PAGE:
I remember the feeling of embarking on my first expedition to Antarctica very clearly. Cruising the Beagle Channel during the first day in early March 2006 brought back that incredible sense of freedom that I had only ever experienced sailing. It also awakened many memories of my family, as I was navigating the same waters that I had sailed on 17 years earlier with my father, on a ship built by my grandfather. As I watched Ushuaia become smaller and smaller, feeling the wind on my face, I was certain I was where I had to be.
Since then I have done everything possible to find ways to return. Although I have been fortunate enough to explore all over the world, Antarctica has always captivated me the most, and I want to share some of the reasons for my strong connection with the White Continent.
1. Constant Changes
Antarctica is a place unlike any other. No matter how many times I return to a particular location, it’s always different. The season you visit shapes the landscape and dramatically affects the wildlife you encounter. In November, everything is white, with lots of sea ice, and as you step out on land no human has visited for the past eight months, it is as if you were the first explorer to ever reach the region.
“As you step out onto land no human has visited for the past eight months, it is as if you were the first explorer to ever reach the region.”
As the summer progresses, the sea ice and snow start to melt, and wildlife becomes more abundant.
2. Becoming a Penguin ‘Aunt’
Having spent 11 austral summers on the White Continent, I have experienced the whole breeding cycle of penguins. Being there when they first start returning to land and being a spectator to their courtship, mating and incubating rituals mean I feel almost like an aunt to the penguin chicks as they start hatching.
“becoming a spectator to their courtship, mating and incubating rituals means I feel almost like an aunt to the penguin chicks as they start hatching.”
It’s incredible to see these fluffy creatures growing up, whether they are picking at your boots or chasing their parents around the colony, screeching for food with their high-pitched calls, or finally, at the end of summer, launching themselves in the sea for their first clumsy swim.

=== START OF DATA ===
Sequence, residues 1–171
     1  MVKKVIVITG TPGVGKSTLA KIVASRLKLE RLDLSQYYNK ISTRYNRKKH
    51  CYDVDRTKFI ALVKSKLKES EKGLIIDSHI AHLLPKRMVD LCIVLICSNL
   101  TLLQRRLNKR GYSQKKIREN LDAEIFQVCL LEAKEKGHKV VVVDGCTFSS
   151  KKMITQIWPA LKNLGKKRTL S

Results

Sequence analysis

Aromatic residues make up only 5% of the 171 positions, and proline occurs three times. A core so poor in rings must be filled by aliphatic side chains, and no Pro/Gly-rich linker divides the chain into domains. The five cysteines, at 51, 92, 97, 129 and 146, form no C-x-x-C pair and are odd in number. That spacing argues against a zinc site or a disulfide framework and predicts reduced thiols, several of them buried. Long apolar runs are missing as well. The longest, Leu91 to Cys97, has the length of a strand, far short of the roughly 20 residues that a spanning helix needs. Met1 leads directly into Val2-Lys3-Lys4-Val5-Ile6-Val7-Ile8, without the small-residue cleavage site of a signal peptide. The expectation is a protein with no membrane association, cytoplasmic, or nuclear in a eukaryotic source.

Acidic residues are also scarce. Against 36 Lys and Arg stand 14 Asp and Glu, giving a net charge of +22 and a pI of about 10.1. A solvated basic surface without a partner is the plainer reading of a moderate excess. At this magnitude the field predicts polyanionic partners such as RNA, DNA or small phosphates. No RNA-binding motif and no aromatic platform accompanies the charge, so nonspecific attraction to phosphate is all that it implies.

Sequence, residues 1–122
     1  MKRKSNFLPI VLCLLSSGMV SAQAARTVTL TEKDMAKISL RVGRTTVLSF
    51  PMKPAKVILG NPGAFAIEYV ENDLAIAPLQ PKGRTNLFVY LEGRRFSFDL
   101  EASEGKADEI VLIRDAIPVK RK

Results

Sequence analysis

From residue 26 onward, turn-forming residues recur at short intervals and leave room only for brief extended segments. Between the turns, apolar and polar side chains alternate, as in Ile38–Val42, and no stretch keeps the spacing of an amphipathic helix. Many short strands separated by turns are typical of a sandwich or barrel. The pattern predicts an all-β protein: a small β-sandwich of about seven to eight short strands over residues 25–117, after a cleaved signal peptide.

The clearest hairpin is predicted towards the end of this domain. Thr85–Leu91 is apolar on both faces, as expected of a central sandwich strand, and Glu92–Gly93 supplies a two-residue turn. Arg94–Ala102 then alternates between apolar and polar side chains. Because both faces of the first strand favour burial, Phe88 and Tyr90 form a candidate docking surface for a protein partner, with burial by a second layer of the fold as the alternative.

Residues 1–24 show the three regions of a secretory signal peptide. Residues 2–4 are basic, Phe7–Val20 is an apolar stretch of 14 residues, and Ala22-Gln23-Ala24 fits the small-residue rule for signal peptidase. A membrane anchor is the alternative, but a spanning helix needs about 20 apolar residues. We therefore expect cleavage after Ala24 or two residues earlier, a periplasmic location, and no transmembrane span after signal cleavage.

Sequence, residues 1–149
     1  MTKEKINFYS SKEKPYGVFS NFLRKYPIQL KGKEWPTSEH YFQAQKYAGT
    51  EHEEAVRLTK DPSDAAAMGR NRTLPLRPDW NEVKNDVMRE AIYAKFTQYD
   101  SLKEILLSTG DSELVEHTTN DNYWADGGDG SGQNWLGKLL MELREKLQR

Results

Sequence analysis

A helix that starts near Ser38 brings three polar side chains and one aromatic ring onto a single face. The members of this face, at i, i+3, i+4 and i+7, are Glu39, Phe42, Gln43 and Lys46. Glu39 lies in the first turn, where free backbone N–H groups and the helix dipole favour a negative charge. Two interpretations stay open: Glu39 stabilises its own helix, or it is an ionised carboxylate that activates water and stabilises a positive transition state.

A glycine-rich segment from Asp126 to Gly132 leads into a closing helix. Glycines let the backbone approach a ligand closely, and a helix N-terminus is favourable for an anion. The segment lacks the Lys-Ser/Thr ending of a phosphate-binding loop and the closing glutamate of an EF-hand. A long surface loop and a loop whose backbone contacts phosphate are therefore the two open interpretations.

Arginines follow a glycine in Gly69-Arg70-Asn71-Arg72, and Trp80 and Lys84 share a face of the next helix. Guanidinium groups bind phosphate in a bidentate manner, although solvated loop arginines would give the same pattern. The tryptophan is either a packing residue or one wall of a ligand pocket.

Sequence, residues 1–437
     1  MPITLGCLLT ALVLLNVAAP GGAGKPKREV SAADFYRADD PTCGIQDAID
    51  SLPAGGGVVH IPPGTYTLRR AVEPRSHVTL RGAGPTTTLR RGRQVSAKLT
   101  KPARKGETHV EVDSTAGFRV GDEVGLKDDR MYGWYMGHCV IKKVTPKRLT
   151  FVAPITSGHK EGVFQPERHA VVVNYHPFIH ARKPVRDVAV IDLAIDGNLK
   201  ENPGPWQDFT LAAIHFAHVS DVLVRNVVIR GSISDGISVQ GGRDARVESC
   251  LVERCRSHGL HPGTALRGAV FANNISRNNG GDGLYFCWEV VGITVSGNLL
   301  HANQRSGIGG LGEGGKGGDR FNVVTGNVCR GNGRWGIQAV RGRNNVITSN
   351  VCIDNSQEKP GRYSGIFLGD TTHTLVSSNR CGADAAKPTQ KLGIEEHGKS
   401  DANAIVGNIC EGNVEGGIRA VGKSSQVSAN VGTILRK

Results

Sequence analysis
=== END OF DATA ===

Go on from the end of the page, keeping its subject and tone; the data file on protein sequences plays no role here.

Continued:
One of my favourite memories is of a postcard-perfect sunset while approaching the Lemaire channel, with the moon coming out and unexpectedly a pod of orca showed up! People imagine Antarctica to be all white with maybe a bit of blue, but during these sunsets and in fact most of the time, there is so much colour.
“You may think Antarctica is all white and maybe blue, but during these sunsets and in fact most of the time, there is so much colour.”
4. Wondrous Whales
I’ve had so many whale encounters when they just won’t let you return to the ship. They can be so curious and friendly, and swim really close to the boats. I’ve often been asked if passing whales would flip the boat over, but they have such extraordinary control of their massive bodies that, if they do not feel threatened, they can deliberately and safely pass millimeters away from your boat. I remember once exchanging a ‘high five’ with a whale, the fingers of my outstretched hand brushing against its pectoral fin.
“I remember once exchanging a ‘high five’ with a whale, the fingers of my outstretched hand brushing against its pectoral fin.”
The very best feeling is looking into a whale’s eye, making eye contact – you feel a connection, as if there is a message contained in that look. Every single time I have encountered whales I have been left with such a peaceful feeling, as if my chest had expanded and was full of joy and optimism.
5. Everlasting Relationships
Antarctica is hard to get to and so in most cases the people you meet on such trips all share an adventurous spirit. Relationships in Antarctica grow strong in a short time, especially when you’re working together. Colleagues are like family for the time you are on board, and many of them become friends for life. I met my husband, an expedition leader, on a voyage to Antarctica; he later proposed to me on the frozen sea.
“I met my husband, an expedition leader, on a voyage to Antarctica; he later proposed to me on the frozen sea.”
Every year, before and after the Antarctic summer, many of our polar friends visit us at home in Patagonia and we feel very fortunate to be part of the polar guiding community. I am also still in touch with lots of guests with whom I shared just one voyage, but for whom that one voyage was the trip of a lifetime.
Antarctica is a utopia. It is the only continent on earth that, at the moment, thanks to the Antarctic treaty (and its remote location), does not belong to any country and yet at the same time belongs to all humankind. It has no currency, no land resources exploitation, nor any military activities, and science is its strongest political force.
I always imagined paradise as a warm place, but Antarctica changed that. Paradise is cold and full of penguins, whales and icebergs. It is a place where you wake up every day thinking it can’t get any better and yet it does, even after 11 full summers.